Dorner is angry about being fired by the LAPD. He is articulate and lucid enough to trigger flashbacks to a time not so long ago when patrol officers broke their world into two categories: "blue and everybody else."
It began in March 1991 when King, who died last year, was beaten by three LAPD patrol officers while a supervisor stood by. The officers were tried, and later acquitted of the most serious charges. The LAPD watched as parts of the city erupted in rioting that left 53 dead and damaged $1 billion worth of property.
An investigation revealed that racism, brutality and adversarial attitudes were so ingrained that it didn't even occur to officers to hide them. The inquiry documented a culture in which cops openly talked with each other about beating suspects -- "attitude adjustments," they called it -- and labeled a group of African-Americans as "gorillas in the mist," a popular movie title during the Rodney King era.
Six years after the riots, another scandal exposed more corruption and even deeper cover-ups, implicating members of an elite anti-gang unit at the LAPD's Rampart division, home to some of the city's most vicious gangs.
Rogue cop Rafael Perez was accused in 1998 of stealing eight pounds of cocaine from an evidence locker. He admitted shooting and paralyzing an unarmed teenager and planting a gun so he could claim self defense. The boy was sent to prison but later exonerated. Perez's plea bargain confession led to nearly 100 tainted convictions being overturned.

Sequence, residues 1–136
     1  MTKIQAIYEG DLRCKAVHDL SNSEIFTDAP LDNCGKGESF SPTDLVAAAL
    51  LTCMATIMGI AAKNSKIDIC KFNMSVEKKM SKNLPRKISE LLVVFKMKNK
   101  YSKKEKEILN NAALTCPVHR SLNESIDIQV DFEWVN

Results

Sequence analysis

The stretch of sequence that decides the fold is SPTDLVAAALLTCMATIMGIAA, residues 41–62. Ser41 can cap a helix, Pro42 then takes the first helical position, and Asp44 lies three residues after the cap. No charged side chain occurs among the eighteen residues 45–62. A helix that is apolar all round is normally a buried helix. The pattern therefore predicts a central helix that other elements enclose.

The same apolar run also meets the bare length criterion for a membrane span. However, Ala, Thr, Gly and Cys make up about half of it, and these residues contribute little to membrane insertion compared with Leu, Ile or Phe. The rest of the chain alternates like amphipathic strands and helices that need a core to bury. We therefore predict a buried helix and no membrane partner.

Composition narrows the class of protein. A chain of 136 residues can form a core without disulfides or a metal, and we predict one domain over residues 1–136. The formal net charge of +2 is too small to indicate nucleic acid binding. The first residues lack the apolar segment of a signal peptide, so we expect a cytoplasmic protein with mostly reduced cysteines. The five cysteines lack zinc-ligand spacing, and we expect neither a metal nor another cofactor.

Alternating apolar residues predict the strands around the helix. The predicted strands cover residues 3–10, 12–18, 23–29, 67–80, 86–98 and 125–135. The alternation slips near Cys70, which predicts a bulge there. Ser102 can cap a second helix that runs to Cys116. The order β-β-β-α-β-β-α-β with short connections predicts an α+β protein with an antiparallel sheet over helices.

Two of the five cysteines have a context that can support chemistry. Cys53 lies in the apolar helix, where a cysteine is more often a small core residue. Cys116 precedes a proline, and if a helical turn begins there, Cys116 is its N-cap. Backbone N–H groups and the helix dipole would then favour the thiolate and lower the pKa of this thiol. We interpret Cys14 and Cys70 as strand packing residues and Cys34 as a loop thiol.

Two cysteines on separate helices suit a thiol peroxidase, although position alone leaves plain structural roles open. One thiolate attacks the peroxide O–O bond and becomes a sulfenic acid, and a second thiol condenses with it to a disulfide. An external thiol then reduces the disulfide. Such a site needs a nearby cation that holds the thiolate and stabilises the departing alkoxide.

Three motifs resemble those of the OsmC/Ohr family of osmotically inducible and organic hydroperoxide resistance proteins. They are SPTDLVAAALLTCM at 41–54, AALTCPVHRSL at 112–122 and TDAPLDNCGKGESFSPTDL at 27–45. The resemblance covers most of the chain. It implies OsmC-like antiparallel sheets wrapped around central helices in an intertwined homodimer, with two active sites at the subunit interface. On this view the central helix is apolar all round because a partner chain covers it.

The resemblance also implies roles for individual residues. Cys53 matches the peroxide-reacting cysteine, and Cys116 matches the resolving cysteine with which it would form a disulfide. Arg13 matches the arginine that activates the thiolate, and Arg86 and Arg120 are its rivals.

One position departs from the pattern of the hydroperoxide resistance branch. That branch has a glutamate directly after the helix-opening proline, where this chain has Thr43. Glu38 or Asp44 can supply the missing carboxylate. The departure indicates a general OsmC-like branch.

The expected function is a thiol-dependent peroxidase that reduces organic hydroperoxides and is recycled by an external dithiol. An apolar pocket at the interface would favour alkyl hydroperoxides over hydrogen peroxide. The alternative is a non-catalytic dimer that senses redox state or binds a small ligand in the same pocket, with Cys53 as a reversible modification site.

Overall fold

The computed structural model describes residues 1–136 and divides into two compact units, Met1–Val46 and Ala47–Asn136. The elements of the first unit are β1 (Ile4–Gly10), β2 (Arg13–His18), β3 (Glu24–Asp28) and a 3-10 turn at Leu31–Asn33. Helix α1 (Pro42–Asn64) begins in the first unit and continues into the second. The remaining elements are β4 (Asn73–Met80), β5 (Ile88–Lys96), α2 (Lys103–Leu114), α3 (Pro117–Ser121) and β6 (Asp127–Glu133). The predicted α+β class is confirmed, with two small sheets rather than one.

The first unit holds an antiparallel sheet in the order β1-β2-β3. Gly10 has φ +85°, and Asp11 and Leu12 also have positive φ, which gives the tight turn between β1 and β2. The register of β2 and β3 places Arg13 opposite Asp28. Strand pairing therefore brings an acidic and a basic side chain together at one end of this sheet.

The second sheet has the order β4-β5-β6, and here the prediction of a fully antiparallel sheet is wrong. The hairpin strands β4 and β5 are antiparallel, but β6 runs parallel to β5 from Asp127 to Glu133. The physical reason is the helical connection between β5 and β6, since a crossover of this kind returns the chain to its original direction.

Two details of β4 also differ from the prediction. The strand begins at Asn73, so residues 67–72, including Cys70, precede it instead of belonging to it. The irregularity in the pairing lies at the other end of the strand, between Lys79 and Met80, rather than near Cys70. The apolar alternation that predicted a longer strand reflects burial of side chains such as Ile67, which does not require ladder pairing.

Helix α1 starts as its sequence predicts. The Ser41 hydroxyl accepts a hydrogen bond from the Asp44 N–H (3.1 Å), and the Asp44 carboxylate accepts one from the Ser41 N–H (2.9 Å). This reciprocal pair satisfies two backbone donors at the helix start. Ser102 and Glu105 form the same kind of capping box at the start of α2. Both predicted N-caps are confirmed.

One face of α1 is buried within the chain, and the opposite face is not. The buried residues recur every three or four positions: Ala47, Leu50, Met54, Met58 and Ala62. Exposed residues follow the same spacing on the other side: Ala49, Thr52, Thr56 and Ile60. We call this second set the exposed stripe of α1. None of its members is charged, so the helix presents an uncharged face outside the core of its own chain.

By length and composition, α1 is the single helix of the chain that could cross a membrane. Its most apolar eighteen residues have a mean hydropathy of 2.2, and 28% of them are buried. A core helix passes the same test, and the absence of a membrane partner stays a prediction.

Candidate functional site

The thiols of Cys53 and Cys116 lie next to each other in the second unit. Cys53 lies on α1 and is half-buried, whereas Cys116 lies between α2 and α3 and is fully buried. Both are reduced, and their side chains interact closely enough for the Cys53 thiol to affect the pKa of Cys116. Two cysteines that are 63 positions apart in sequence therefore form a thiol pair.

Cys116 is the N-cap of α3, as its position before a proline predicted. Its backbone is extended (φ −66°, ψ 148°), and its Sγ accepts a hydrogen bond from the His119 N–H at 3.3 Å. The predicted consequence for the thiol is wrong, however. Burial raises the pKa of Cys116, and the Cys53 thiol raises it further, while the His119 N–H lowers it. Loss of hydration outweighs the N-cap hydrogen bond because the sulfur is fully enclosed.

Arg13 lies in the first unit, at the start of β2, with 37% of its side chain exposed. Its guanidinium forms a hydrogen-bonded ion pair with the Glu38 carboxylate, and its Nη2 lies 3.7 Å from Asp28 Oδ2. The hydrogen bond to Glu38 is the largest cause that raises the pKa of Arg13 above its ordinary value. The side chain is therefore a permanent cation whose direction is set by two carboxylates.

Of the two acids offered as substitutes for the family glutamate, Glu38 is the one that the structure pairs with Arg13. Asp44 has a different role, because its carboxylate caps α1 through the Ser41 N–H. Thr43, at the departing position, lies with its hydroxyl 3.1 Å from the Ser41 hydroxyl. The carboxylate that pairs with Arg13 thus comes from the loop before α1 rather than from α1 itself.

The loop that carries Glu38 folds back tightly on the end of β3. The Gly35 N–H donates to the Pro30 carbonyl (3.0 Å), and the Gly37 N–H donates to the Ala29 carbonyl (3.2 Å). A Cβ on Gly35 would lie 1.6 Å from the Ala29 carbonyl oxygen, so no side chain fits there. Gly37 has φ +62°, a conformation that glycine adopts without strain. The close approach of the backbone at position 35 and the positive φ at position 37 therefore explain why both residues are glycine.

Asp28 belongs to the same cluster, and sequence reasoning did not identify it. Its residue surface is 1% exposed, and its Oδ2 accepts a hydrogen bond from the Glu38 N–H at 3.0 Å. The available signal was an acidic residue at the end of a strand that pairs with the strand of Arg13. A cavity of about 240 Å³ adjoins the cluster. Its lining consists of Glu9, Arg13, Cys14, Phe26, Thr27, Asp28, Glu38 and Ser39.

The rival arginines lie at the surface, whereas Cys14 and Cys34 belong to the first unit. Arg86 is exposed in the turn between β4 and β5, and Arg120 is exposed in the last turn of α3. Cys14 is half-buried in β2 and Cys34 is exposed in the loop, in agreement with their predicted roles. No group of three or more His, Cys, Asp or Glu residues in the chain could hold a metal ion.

Three officers were arrested and tried. A higher court tossed out the convictions.
Attorney Harland Braun defends police officers, including the ones accused of criminal misconduct in the King and Rampart scandals. He said he believes there might be a grain of truth to Dorner's allegations of a cover-up. He said he thinks that may have been what set Dorner off.
Civil rights leaders, highly vocal in past scandals, have held back on criticizing the LAPD this time. Instead, they are urging Dorner to surrender peacefully.
Dorner wrote in his manifesto that he was forced to turn to violence because the culture of racism, brutality, corruption and cover-up continues at the LAPD. He claims he was kicked off the force after he complained about a training officer kicking a mentally ill suspect.
Braun said he had never heard of a case in which the LAPD fired an officer who reported excessive force. "You don't go after the guy," he said. Usually, though, other officers are quick to close ranks and shun a perceived "rat."